A Fishery Decision-Making Framework Incorporating the Precautionary Approach

The “Fishery Decision-Making Framework Incorporating the Precautionary Approach” applies to key harvested fish stocks managed by Fisheries and Oceans Canada; that is, the fish stocks that are the specific and intended targets of a commercial, recreational, or subsistence fishery. It may be applied more broadly to other stocks, if necessary or as circumstances warrant.

The Framework requires that a harvest strategy be incorporated into respective fisheries management plans to keep the removal rate moderate when the stock status is healthy, to promote rebuilding when stock status is low, and to ensure a low risk of serious or irreversible harm to the stock. It also requires a rebuilding plan when a stock reaches low levels.

In general, the precautionary approach in fisheries management is about being cautious when scientific knowledge is uncertain, and not using the absence of adequate scientific information as a reason to postpone action or failure to take action to avoid serious harm to fish stocks or their ecosystem. This approach is widely accepted as an essential part of sustainable fisheries management.

Applying the precautionary approach to fisheries management decisions entails establishing a harvest strategy that:

The upper stock reference point marks the boundary between the healthy and cautious zones. When a fish stock level falls below this point, the removal rate at which the fish are harvested must be progressively reduced in order to avoid serious harm to the stock. The upper stock reference point is also a target reference point that is determined by productivity objectives for the stock, broader biological considerations, and social and economic objectives for the fishery.

The limit reference point marks the boundary between the cautious and critical zones. When a fish stock level falls below this point, there is a high probability that its productivity will be so impaired that serious harm will occur. The limit reference point is established based on the best available scientific information.

The removal reference establishes the maximum removal rate of fish stocks in each of the zones; progressively decreasing from the healthy to the critical zones. The removal reference is less than or equal to the maximum sustainable yield at which a fish stock can be harvested. This harvest rate must include removals of the stock from all methods (i.e., target, by-catch and other incidental mortality in other fisheries).

Pre-agreed, risk-based actions guide management decisions on harvest rates under various stock status conditions. In the healthy zone, the fish stock status is good, and fisheries management decisions and harvest strategies are designed to maintain fish stocks within this zone. In the cautious zone, decisions and strategies promote stock rebuilding to the healthy zone. In the critical zone, stock growth is promoted and removals are kept to the lowest possible level.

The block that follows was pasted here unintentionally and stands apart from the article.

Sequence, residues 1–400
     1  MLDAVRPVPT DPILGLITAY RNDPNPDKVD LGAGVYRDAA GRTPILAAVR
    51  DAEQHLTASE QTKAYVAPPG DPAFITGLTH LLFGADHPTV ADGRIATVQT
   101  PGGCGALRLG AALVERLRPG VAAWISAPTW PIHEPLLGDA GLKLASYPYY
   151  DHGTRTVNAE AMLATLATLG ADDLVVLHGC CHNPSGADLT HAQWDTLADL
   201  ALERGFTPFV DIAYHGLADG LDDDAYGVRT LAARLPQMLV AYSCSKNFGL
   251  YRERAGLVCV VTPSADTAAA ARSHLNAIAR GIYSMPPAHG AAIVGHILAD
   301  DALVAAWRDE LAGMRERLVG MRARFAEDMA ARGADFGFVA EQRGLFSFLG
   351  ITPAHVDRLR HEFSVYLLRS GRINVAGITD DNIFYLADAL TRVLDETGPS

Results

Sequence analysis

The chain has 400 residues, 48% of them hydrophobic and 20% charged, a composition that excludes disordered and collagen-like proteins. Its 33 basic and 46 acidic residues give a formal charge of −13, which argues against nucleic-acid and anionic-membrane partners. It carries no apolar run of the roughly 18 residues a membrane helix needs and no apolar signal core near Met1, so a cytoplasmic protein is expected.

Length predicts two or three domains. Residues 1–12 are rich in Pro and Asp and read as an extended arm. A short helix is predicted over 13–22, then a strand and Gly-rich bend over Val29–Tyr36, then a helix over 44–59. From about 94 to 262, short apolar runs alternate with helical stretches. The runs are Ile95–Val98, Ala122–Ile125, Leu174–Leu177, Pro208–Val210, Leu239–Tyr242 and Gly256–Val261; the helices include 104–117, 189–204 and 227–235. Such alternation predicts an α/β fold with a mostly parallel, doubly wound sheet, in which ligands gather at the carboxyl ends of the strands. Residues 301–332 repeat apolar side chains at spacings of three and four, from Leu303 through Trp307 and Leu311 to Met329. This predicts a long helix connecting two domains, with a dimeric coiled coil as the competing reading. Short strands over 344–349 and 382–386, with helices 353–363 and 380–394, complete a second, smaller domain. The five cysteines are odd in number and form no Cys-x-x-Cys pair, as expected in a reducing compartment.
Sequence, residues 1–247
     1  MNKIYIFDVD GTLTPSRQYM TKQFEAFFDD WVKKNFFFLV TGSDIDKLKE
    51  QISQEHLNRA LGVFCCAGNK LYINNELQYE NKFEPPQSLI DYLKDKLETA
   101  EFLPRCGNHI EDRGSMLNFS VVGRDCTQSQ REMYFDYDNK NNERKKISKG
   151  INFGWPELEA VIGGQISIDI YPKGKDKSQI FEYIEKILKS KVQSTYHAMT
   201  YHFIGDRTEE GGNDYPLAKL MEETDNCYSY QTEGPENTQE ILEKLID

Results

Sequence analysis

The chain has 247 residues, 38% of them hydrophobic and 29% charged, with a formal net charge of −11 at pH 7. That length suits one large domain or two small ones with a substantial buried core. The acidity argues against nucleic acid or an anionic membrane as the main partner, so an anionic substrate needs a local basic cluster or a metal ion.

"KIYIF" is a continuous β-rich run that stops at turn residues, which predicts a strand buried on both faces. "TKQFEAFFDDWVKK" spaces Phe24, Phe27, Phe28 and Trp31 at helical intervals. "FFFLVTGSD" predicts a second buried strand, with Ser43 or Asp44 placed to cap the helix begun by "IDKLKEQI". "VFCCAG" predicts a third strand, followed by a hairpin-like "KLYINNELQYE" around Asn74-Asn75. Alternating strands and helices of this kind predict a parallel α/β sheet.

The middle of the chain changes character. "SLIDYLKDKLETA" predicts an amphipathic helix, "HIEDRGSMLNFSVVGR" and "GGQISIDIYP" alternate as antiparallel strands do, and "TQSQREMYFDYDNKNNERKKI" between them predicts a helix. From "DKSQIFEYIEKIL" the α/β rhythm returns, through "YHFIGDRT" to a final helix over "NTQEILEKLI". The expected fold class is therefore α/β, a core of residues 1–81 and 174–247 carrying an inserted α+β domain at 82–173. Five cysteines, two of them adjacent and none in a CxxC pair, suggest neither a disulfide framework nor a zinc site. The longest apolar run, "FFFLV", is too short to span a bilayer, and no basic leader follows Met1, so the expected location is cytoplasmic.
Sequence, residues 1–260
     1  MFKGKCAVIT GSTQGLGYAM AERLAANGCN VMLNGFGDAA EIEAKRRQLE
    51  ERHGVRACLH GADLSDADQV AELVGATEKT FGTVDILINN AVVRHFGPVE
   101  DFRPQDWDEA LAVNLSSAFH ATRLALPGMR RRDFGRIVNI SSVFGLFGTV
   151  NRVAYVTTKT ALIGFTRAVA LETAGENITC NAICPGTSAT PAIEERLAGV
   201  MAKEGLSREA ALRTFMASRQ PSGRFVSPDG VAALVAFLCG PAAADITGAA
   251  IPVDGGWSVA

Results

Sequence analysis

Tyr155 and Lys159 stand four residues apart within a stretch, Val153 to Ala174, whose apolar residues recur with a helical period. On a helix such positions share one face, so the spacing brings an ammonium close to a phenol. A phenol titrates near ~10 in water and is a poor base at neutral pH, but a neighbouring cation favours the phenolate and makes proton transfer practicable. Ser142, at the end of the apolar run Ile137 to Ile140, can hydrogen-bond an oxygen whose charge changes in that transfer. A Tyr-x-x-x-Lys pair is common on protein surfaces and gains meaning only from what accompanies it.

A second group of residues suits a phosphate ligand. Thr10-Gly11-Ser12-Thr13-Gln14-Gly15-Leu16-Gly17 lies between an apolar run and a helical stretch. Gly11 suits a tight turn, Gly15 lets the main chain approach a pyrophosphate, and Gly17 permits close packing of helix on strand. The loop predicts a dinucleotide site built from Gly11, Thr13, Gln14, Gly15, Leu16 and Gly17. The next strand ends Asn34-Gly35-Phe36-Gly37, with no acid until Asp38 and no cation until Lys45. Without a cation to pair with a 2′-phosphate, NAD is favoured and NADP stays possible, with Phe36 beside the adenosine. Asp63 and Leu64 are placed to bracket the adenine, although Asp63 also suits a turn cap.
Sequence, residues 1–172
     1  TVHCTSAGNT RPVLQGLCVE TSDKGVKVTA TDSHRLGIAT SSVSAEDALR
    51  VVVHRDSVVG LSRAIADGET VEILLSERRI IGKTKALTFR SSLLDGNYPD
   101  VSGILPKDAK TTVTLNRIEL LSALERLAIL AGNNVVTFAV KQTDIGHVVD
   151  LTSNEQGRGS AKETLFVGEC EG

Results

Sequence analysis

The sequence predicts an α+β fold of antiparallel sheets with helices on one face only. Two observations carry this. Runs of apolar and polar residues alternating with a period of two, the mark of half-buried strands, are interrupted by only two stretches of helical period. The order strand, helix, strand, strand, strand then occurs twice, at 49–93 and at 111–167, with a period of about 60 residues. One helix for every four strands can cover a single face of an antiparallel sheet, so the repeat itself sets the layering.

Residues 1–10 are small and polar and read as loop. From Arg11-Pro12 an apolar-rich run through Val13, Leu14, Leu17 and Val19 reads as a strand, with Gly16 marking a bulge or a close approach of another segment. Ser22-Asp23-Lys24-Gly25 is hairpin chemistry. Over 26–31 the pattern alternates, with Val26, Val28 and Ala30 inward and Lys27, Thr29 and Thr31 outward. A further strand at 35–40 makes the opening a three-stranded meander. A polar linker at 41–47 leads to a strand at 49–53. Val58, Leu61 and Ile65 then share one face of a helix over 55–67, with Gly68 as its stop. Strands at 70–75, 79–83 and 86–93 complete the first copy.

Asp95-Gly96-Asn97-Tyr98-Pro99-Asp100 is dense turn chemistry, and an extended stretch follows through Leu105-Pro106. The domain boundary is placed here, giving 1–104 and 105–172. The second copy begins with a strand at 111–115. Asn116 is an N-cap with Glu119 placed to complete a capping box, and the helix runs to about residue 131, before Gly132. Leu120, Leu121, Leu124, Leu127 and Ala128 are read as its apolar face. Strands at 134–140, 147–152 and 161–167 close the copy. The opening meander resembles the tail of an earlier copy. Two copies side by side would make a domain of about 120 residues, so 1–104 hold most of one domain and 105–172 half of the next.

Why is the precautionary approach being incorporated into fisheries management?

There are many reasons why Fisheries and Oceans Canada is incorporating the precautionary approach into its fisheries management decisions.

Most importantly, Canada has domestic and international commitments to implement this approach into its decision-making framework for fisheries. Domestically, these commitments include the 2003 guiding principles for the application of precaution to science-based decision making in the federal government (PDF), the 2004 Atlantic Fisheries Policy Review. Internationally, this includes the United Nations Fish Agreement, the Food and Agriculture Organization (FAO) Code of Conduct for Responsible Fishing and the FAO associated guidelines on applying the precautionary approach in fisheries.

The application of the precautionary approach is also directly linked to the competitiveness of Canada’s fishing industry. Applying the precautionary approach is widely accepted as an essential component of a sustainably harvested fishery, which is used in eco-certification processes that have been established to meet increasing consumer demand for sustainable seafood products.

How is this framework being implemented in Canada’s fisheries?

Progress has already been made to implement the precautionary approach within the management plans for a number of fisheries in Canada. This is the result of work that has been underway for several years. The elements of this decision-making framework will be incorporated into fisheries management plans over time, beginning in 2009.

Full implementation will not happen overnight. It will be done in a phased and progressive manner over a number of years based on regional priorities established by Fisheries and Oceans Canada in consultation with fishery groups and other fishery interests.

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